11% of high-school students using HGH

Dr. Weeks’ Comment:  The only illegal use of HGH is for performance enhancement.

Here is the Federal Law:

21 U.S.C.A. §333(e) Prohibited distribution of human growth

hormone. (1) Except as provided in paragraph (2), whoever knowingly

distributes, or possesses with intent to distribute, human growth hormone

for any use in humans other than the treatment of a disease  (or other

recognized medical condition, where such use has been authorized by the

Secretary of Health and Human Services under section 355 of this title

and pursuant to the order of a physician), is guilty of an offense

punishable by not more than 5 years in prison, such fines as are authorized

by Title 18, or both. (2) Whoever commits any offense set forth in

paragraph (1) and such offense involves an individual under 18 years of

age is punishable by not more than 10 years.


(Note:  underlining and  parenthesis added to clarify the disjunctive  “or”

separating “treatment of a disease” or  “other recognized medical condition”)


Summary:  HGH is not illegal for doctors to prescribe as treatment for diseases or other non-disease conditions (if these non-disease conditions are approved).  However, it is illegal for doctors to prescribe  or trainer/parents/coaches  to “distribute” HGH for performance enhancement. These athletes are getting HGH illegally.


Study Addresses Increasing Use Of HGH By Student Athletes

As the pressure grows for student athletes to be stronger and faster, so does the pressure to experiment with performance enhancing drugs.
As the pressure grows for student athletes to be stronger and faster, so does the pressure to experiment with performance enhancing drugs.

A new study released Wednesday shows more young people are looking to drugs to boost their athletic performance.

The confidential study by the “Partnership for Drug-Free Kids,” surveyed over 3,700 high school students and found the number of students who reported using the synthetic drug HGH, or human growth hormones, doubled from the year before, and stands at 11-percent.

We talked with young adults and coaches in Eastern Carolina for their take on the issue.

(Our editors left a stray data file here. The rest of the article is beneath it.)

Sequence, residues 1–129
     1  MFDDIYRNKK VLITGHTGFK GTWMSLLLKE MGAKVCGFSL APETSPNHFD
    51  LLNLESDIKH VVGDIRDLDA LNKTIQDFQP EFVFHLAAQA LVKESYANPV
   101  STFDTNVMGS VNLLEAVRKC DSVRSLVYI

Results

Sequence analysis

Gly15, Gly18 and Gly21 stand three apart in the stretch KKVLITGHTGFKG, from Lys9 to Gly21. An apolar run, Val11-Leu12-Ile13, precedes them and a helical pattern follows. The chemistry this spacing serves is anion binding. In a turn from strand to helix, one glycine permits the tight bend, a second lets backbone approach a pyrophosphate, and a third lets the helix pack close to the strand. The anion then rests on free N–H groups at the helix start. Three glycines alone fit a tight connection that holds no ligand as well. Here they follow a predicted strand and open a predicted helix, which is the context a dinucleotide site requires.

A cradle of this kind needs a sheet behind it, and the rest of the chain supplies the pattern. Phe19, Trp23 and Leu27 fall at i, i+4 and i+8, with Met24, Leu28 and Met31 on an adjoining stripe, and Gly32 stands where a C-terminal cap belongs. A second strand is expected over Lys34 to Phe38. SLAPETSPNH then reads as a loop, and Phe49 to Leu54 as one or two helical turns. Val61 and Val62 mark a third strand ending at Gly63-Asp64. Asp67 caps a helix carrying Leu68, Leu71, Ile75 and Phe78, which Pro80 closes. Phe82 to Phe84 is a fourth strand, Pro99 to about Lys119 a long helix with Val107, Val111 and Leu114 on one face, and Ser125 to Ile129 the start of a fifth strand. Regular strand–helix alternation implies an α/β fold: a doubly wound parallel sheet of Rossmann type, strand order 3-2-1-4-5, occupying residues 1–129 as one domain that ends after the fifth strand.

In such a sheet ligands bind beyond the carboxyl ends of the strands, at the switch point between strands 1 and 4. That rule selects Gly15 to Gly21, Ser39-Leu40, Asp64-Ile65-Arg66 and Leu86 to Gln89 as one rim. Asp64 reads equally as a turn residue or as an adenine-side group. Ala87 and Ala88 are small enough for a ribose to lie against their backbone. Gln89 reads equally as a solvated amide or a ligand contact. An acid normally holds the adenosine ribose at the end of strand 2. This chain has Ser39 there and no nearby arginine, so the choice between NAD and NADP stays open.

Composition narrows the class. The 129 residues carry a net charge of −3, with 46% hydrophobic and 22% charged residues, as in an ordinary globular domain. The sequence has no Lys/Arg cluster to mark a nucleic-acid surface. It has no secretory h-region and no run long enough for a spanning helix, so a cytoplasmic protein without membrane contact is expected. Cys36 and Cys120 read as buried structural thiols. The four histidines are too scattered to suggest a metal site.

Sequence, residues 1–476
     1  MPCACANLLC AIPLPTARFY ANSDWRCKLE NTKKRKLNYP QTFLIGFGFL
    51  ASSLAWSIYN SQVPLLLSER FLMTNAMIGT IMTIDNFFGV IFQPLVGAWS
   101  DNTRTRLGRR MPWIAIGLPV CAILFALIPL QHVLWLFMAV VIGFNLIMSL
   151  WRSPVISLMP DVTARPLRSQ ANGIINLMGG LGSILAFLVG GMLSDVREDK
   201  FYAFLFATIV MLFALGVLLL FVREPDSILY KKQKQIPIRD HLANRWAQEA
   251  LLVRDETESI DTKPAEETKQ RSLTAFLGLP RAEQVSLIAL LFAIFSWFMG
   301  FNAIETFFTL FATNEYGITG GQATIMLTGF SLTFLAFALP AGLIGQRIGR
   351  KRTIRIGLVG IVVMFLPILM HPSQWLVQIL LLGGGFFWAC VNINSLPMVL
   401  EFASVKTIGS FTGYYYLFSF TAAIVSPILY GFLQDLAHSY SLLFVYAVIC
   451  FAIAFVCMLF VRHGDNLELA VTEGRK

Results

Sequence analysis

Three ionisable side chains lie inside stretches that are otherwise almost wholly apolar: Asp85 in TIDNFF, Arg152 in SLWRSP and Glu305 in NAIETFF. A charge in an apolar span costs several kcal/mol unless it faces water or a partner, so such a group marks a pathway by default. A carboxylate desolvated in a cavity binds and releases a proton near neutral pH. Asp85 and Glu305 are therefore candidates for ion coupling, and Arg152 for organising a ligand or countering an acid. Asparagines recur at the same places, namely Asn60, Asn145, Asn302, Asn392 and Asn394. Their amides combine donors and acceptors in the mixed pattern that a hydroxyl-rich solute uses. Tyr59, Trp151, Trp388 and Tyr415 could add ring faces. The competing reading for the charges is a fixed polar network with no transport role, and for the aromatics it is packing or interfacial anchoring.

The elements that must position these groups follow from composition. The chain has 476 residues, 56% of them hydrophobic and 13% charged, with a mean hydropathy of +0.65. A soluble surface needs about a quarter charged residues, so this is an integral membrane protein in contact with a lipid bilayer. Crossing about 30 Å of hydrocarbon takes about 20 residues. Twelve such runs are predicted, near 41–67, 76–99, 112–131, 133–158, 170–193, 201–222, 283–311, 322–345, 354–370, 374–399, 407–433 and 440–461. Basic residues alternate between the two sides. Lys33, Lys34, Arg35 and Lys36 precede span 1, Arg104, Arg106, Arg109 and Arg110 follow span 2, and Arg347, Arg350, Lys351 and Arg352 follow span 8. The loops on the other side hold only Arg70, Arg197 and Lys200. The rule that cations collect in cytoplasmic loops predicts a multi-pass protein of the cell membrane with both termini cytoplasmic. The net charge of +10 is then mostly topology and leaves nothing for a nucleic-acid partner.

At the Next Level Training Center in Greenville, young athletes are making the gains the old fashioned way, through hard work.

Julia Allsbrook is a recent high school graduate and says, “To get to the next level and take the next step we can do it on our own and we’re not going to need a drug, or enhancer.”

Trent Britt, owner of Next Level Training Center, says, “There’s increasing pressure, not just in youth athletics, but in the public in general that if you can get an edge in any way without having to work hard they’re going to try to jump on it. There’s no substitute for sweat and there’s no substitution for hard work and anything you may take to try to circumvent that is simply not going to work.”

The coaches we talked with say they’re more worried about their student athletes not getting enough water or protein, than experimenting with performance enhancing drugs.

Britt says, “We’re trying to teach people to get enough greens in their diet, drink enough water. When they’re done training, they need to get lean protein in themselves. It’s just not something we’ve seen on the high school level here in Greenville.

The side effects for HGH in young athletes include stunted growth, increased acne, liver problems, shrunken testicles, and excess facial hair for girls.

(ED note from Dr. Weeks:   This preceding sentence is inaccurate: the ONLY documented side-effects of over-dose of HGH are sodium retention / edema  as well as blunted insulin response. Whereas too much estrogen causes cancer, too much cortisol is lethal, too much insulin is lethal, too much testosterone can cause road rage and mood disorders,  in contrast, too much HGH causes transient swelling!)

The study has surveyed students in grades nine through 12, nationwide for 25 years.


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